Independent Student Newspaper of UW Oshkosh Campuses

The Advance-Titan

Independent Student Newspaper of UW Oshkosh Campuses

The Advance-Titan

Independent Student Newspaper of UW Oshkosh Campuses

The Advance-Titan

UWO’s ‘Twelfth Night’ puts spin on Shakespeare classic

Courtesy of Jordan Whitrock UWO students perform their rendition of Shakespeare’s classic play, “Twelfth Night”.

UW Oshkosh’s rendition of “Twelfth Night” directed by Jane Purse-Wiedenhoeft, put the humor that hides in Shakespeare’s work on full display.

The play was picked out last March with Purse-Wiedenhoeft having worked on the research throughout the summer and fall. The cast started rehearsals in late February.

Purse-Wiedenhoeft said she wanted to bring a more modernized feel to this show.

“In this production, we are pretending that we are a touring theater company that has arrived in Oshkosh to perform on the UWO stage and celebrate Shakespeare’s play “Twelfth Night” or “What you Will” with local audiences,” she said. “This imaginary theater company has arrived at the theater late and is in the process of completing their preparations for the performance. Giving this added context to the production has given us the opportunity to have fun with how we tell the story without being glued to a historical time period.”

The production awarded two of the cast members, Jena Plutz, who played Viola/Cesario, and Luke Meister, who played as Feste the fool, nominations for the Irene Ryan Acting Scholarship. Meister also received a certificate of merit for composing the music for the songs that his character sang.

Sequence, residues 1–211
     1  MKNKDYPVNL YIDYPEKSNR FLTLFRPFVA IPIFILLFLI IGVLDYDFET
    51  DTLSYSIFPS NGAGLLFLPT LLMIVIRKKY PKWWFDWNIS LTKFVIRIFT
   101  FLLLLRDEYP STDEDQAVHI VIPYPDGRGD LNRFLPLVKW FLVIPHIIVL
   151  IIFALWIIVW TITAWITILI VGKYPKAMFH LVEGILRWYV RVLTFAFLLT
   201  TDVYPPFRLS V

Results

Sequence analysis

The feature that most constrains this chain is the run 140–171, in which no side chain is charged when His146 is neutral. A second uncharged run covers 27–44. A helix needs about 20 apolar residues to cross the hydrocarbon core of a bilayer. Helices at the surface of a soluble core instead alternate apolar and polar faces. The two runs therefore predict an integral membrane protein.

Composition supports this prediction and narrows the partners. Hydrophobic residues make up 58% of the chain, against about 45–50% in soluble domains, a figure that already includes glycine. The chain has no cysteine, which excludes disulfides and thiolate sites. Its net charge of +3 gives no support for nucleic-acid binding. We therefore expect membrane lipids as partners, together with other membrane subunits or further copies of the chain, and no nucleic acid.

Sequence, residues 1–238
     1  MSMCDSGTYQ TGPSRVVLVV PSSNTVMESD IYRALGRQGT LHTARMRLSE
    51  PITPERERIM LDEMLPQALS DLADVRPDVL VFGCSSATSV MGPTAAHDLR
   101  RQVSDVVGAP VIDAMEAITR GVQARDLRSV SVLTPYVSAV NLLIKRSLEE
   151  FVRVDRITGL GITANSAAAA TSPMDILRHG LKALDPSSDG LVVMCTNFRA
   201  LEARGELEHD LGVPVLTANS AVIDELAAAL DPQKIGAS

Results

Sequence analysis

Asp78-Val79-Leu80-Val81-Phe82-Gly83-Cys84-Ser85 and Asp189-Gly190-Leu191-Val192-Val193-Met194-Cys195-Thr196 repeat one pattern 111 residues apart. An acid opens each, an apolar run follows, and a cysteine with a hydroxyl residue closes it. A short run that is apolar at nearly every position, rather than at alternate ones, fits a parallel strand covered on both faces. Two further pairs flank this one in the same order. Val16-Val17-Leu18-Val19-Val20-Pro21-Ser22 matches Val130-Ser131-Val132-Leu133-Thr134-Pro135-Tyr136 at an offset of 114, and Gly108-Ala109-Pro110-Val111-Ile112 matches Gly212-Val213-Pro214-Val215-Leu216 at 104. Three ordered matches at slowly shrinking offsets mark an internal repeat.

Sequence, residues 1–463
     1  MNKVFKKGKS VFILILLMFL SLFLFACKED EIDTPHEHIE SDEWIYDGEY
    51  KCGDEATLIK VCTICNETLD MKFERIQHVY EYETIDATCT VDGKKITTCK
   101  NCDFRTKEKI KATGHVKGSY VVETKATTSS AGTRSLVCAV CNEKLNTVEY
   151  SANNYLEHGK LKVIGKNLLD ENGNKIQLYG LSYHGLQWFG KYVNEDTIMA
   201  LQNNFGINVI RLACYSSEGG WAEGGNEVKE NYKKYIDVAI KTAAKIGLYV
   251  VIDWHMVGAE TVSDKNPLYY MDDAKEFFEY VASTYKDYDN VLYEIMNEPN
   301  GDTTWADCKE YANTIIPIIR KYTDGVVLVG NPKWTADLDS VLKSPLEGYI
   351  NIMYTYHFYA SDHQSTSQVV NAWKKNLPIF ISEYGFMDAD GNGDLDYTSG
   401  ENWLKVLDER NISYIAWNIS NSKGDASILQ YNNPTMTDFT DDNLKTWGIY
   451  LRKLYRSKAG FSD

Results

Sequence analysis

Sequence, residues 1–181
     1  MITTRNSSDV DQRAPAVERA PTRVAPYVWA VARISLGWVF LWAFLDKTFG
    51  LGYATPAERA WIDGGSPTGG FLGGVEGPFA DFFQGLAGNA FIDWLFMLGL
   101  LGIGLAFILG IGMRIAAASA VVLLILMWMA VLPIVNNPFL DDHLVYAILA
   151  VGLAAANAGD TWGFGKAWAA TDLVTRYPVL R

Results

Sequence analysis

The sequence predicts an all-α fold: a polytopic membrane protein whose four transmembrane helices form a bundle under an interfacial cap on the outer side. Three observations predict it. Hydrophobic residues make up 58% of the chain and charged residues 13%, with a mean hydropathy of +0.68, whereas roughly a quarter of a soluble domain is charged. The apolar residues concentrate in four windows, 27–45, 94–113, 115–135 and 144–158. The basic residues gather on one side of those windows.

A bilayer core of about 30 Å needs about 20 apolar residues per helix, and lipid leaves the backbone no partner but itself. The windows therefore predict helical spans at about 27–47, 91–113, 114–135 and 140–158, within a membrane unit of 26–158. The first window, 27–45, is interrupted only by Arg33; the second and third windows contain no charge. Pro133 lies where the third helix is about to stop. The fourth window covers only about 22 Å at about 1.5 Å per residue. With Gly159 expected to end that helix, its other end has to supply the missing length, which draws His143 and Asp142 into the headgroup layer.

Plutz described the play as a comedic play by William Shakespeare.

“The story follows Viola, who has just survived a shipwreck where she thinks her brother has died,” she said. “She decides to disguise herself as a man (Cesario) and work for Count Orsino, who she falls in love with. Cesario gets sent as a messenger for Orsino to profess his love to Oliva. In doing so, Olivia falls in love with Cesario. Chaos ensues, but ultimately, the conflict resolves itself and [almost] everyone lives happily ever after.”

Julia Cain, who played Olivia, encourages people to interact with Shakespeare’s work more often.

“A lot of people like to shy away from Shakespeare because of the language, which I completely understand because I tend to do that as well,” she said. [But] “this show is a great stepping stone into the world of Shakespeare for someone who wants to learn more.”

The show ran from April 25 to the 28.

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